Make us your home page
Instagram

Today’s top headlines delivered to you daily.

(View our Privacy Policy)

Hurricanes we can handle, but cold? The natives are lost

I am in the grocery store asking without hope about those quick-light fire logs for my rarely used fireplace in this, the fiercest and most enduring cold snap a native-born cares to remember.

I say "without hope" because this is the third grocery store, not to mention the Walmart, Kmart and Target, at which shelves were brimming with charcoal briquettes in the unlikely chance of a backyard barbecue but emptied of logs as if locusts had come through.

A woman at my elbow wants to know, too, but, no, they have been out for days. The cashier helpfully adds that a store down the street has real firewood, if we're interested.

I look at the woman, she at me. Real firewood?

So how does that work, exactly? Something about rubbing sticks together. My time in Brownies, when we trooped to the woods and used a magnifying glass to start a spark, was a very long time ago, and anyhow, how would that work in a living room?

Around here, we may know the finer points of rigging a fishing pole or unhooking a pelican. We can survive sunburn, the sideswipe of a hurricane and the white-knuckle drive out of a vicious summer thunderstorm. We can shuffle through stingrays with nary a barb and endure Red Tide. But this?

The woman and I leave, both shaking our heads.

Another morning I am trying to figure out why I can't see through my car windshield when it hits me: Ice, actual ice, which may also be why the grass was crunchy. I am considering whether to get warm water to pour on it when an expat Northerner intervenes in horror, suggesting instead a credit card. (Nice to have so many of them around to instruct us, isn't it?)

Actually, it turns out to be handy, potentially disaster-averting advice. I scrape away the slush with an old gift card surely never intended for this purpose, from a place called Bahama Breeze.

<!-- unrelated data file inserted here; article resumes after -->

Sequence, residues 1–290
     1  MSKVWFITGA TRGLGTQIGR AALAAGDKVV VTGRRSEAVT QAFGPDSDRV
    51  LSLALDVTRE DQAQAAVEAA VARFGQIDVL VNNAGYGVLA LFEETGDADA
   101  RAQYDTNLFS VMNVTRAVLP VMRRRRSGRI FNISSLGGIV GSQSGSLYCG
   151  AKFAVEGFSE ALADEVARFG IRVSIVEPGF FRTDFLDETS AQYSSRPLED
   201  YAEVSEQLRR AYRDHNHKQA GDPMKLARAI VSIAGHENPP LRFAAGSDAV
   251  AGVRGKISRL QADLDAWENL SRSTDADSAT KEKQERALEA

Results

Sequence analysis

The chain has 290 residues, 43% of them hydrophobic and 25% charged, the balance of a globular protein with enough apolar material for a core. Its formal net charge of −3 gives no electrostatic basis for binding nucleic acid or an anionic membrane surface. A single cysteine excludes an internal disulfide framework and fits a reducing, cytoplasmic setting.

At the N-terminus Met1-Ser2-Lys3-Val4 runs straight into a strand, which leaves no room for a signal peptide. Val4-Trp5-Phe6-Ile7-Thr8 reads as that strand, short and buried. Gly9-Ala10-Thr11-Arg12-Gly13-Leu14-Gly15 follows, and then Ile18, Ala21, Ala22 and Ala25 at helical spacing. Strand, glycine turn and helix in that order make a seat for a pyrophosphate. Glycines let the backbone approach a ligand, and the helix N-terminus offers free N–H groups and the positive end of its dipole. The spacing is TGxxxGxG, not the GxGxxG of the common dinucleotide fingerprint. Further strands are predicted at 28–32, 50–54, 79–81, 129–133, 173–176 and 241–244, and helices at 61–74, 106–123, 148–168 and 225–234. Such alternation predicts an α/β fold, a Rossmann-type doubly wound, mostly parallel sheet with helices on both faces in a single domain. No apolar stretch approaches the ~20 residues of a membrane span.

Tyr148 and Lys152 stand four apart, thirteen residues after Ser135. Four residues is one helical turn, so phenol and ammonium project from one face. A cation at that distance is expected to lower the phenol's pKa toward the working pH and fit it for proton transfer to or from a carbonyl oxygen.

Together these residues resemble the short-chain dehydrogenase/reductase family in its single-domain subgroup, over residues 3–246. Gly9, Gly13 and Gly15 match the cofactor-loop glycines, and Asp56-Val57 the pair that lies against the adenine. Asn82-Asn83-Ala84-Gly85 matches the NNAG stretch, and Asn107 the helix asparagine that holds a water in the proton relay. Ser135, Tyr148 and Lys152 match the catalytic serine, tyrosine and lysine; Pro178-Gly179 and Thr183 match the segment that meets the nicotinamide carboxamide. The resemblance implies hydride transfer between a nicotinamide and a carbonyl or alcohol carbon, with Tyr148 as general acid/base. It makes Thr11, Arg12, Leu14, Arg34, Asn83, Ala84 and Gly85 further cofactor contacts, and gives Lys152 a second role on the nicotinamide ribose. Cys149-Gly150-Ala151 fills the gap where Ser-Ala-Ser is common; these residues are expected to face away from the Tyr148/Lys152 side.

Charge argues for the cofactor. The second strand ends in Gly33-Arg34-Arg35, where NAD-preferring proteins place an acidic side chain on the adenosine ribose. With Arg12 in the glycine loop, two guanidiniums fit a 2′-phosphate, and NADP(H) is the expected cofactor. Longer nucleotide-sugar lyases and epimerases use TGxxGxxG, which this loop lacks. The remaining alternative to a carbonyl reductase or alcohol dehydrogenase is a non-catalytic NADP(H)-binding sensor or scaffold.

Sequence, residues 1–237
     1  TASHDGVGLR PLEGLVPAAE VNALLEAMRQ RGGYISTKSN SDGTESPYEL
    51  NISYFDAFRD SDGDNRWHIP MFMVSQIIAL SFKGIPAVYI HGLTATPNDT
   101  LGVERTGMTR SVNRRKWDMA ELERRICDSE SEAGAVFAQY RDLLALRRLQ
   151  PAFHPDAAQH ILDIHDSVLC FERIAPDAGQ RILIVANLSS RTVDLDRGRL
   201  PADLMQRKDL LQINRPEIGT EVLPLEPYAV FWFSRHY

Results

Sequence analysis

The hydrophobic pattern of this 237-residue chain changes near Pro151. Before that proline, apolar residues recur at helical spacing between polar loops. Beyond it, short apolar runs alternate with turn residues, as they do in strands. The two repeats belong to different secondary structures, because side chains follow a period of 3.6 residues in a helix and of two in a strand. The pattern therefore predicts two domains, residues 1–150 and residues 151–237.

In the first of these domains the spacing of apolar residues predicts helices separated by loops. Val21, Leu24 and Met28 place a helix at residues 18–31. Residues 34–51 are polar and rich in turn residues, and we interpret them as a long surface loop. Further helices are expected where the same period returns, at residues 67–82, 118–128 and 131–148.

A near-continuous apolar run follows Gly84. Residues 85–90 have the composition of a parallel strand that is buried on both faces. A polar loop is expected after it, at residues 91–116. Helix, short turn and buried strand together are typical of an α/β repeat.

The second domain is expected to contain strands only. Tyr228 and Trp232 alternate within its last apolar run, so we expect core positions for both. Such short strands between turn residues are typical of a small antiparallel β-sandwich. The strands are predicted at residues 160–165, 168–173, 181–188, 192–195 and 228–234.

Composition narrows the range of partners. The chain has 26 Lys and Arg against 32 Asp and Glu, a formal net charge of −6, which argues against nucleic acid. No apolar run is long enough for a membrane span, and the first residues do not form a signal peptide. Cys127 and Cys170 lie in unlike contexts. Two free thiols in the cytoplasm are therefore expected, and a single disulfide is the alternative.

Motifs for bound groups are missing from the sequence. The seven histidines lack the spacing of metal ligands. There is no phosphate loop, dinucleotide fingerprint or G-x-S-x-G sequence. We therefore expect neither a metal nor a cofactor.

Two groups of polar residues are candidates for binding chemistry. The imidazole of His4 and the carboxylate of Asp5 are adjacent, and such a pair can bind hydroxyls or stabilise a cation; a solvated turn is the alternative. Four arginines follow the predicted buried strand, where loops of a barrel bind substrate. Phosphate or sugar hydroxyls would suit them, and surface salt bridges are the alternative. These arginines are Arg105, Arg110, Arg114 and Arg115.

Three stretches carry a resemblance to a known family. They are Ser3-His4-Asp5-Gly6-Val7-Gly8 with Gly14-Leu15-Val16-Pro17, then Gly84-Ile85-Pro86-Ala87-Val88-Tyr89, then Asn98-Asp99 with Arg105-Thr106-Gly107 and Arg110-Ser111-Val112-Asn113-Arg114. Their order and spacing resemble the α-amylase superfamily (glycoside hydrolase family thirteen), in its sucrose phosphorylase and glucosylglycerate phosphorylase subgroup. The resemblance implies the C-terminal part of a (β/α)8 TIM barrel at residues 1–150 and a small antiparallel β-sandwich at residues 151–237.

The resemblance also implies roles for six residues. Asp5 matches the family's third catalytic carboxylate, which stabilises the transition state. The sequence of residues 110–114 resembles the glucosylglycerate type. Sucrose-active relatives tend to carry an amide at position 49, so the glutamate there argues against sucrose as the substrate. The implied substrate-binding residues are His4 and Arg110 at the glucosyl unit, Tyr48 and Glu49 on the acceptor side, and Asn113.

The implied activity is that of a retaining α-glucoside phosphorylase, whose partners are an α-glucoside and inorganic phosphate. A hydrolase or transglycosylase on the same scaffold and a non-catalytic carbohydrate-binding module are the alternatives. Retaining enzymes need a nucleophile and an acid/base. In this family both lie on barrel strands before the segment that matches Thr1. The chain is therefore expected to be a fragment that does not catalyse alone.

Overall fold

At work, a colleague complains of gender inequity: Women bask in mysterious and foreign hats and scarves, gloves and knee-high boots. (I was relatively unfamiliar with the concept of an "earmuff," until I saw a purple pair on a woman passing me downtown even as my own ears turned red.) But Florida men, my colleague says, tend to be ill-prepared. His solution: layers on layers on layers of shirts, topped with the only coat he has ever needed, a thin, linerless raincoat.

Weather has sent our homeless scrambling for shelter, not to mention warm beverages and donated clothes from the good-hearted who empty their closets. On a street corner I see an array of sweat shirts and jackets: a Carolina Tar Heel, a Dale Jr., two Buccaneers and a Plant High Panther.

At home, our heater is like an elderly security guard who has long worked in a quiet building, only rarely called to action. Suddenly, he has found himself on the SWAT team, desperately huffing and puffing to keep up. The dog has taken to walking around with a fleece blanket draped over her ears, the Labrador version of Little Red Riding Hood.

Another morning, early, I am blowing on frozen hands as I drive past a Krispy Kreme, tantalizing smells wafting in through my rumbling heater vents. I look over into the inviting warmth of the diner and see two men huddled over steaming coffees, gloveless hands wrapped around cups. Both wear yellow rain slickers, though no rain is in sight.